Waterfall and Cliff Communities

The Hidden Gems of the Southern Highlands Reserve

Our waterfall and cliff communities exemplify the value of preserving rare ecosystems. Comprising the upper-most face of the Blue Ridge Escarpment as seen from the piedmont of South Carolina, these 100 acres experience an astonishing increase in altitude of 1,000 feet, with peak elevation at 4,700 feet. Though our initial discovery process was not an easy one, every new waterfall and grotto we found led us to search for more rare and unusual botanical treasures.

Documented as a nationally significant Natural Heritage Area by Ed Schwartzman of the North Carolina Natural Heritage Trust Fund, these areas of the Reserve encompass a fragile environment that must be vigilantly preserved. Therefore, only the most essential conveyances have been constructed here, and access is restricted to avoid damage from trampling. Two roads for vehicular access for both the summit and waterfalls were carefully constructed to avoid the most environmentally sensitive spaces in these communities.

 

Explore: The Waterfall and Cliff Communities Gallery

Much of the access here was achieved through the ingenious work of artisan Aaron Bailey, who implanted iron steps with hand rails in rock faces and built a wooden spiral staircase attached to an automobile axle and universal joint to traverse cliff faces, steep ravines and slippery rock surfaces in and around the waterfall grotto areas. Aaron also constructed a Via Ferrata (The Iron Way) across a sheer rock face that significantly contributes to the ability of hikers to traverse trails and rock faces while leaving a minimal footprint.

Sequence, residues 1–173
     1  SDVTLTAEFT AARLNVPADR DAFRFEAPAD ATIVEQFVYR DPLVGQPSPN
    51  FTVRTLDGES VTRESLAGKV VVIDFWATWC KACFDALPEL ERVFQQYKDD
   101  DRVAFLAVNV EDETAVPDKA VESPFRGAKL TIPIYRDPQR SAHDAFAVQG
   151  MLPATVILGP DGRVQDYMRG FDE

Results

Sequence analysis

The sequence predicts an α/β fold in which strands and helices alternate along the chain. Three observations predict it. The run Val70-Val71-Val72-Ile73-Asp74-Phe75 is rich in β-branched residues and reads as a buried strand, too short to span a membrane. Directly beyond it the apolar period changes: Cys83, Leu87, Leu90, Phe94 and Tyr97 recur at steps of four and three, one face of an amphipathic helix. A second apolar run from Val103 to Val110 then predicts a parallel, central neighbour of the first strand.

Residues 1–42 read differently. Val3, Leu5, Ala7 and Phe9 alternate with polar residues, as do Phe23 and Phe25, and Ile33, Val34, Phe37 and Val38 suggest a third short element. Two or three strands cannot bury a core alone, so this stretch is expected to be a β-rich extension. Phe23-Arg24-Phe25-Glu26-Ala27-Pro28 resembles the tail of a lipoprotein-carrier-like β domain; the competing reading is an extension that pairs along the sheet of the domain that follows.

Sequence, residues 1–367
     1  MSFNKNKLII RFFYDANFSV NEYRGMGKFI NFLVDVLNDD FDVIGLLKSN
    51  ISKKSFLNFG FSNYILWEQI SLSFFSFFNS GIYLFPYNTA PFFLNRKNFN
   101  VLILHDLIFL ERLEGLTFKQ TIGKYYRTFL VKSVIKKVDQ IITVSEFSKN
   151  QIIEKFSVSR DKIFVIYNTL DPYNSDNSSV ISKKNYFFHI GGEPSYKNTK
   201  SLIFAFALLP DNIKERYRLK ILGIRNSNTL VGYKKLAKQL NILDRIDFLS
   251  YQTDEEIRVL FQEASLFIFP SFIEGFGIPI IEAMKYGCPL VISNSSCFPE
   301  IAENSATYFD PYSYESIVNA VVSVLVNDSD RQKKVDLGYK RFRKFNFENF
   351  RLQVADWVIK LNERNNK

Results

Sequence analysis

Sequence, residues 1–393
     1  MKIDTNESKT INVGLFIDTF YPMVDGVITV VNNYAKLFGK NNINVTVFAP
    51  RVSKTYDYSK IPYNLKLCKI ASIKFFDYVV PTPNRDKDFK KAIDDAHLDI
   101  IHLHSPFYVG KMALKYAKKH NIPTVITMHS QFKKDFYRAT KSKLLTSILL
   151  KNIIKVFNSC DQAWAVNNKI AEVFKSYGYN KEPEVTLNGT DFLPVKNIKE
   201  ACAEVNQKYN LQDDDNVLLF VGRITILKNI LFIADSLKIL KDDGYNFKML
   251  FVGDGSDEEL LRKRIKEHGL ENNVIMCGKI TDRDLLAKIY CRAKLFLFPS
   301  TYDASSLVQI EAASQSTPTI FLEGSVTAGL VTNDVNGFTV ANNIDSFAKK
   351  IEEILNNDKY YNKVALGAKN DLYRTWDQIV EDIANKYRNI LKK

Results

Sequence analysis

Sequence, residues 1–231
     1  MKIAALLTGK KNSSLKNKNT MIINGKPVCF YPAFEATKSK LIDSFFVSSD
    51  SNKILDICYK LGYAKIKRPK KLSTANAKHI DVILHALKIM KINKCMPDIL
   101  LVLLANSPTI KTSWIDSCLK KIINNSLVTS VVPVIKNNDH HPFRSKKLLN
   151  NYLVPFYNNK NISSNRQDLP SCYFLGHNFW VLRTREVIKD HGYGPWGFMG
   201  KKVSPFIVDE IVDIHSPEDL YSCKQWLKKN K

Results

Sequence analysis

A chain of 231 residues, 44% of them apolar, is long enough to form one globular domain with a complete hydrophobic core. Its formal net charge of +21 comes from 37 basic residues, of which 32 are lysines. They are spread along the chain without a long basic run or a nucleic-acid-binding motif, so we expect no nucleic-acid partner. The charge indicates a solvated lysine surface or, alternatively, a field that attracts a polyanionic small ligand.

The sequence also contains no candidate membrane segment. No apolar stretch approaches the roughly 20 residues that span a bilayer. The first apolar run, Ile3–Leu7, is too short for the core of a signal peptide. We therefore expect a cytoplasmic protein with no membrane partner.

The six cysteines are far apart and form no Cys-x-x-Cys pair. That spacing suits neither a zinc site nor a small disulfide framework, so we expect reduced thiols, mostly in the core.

Nested within the larger Montane Acidic Cliff community, several spray cliffs occur at the head of small streams where water has cut through bedrock to form waterfalls with grottoes. A number of rare and unusual spray cliff plants grow together in these areas, including round-leaf sundew, rock-fir clubmoss and grotto alumroot. All of the wet grotto areas are covered with dense mats of moss and liverwort. The steep southeast-facing slope drops down from a broad wind-swept summit above that is home to stunted and gnarled red oaks and chestnut oaks. Layered bands of gneiss form an extensive cliff complex.

Plant Varieties:

  • Red oaks
  • Chestnut oaks
  • Grass–of–Parnassus
  • Round-leaf sundew
  • Rock-fir clubmoss
  • Grotto alumroot
  • Grotto felt
  • Appalachian shoestring fern 
  • Granite dome bluet
  • Moss
  • Liverwort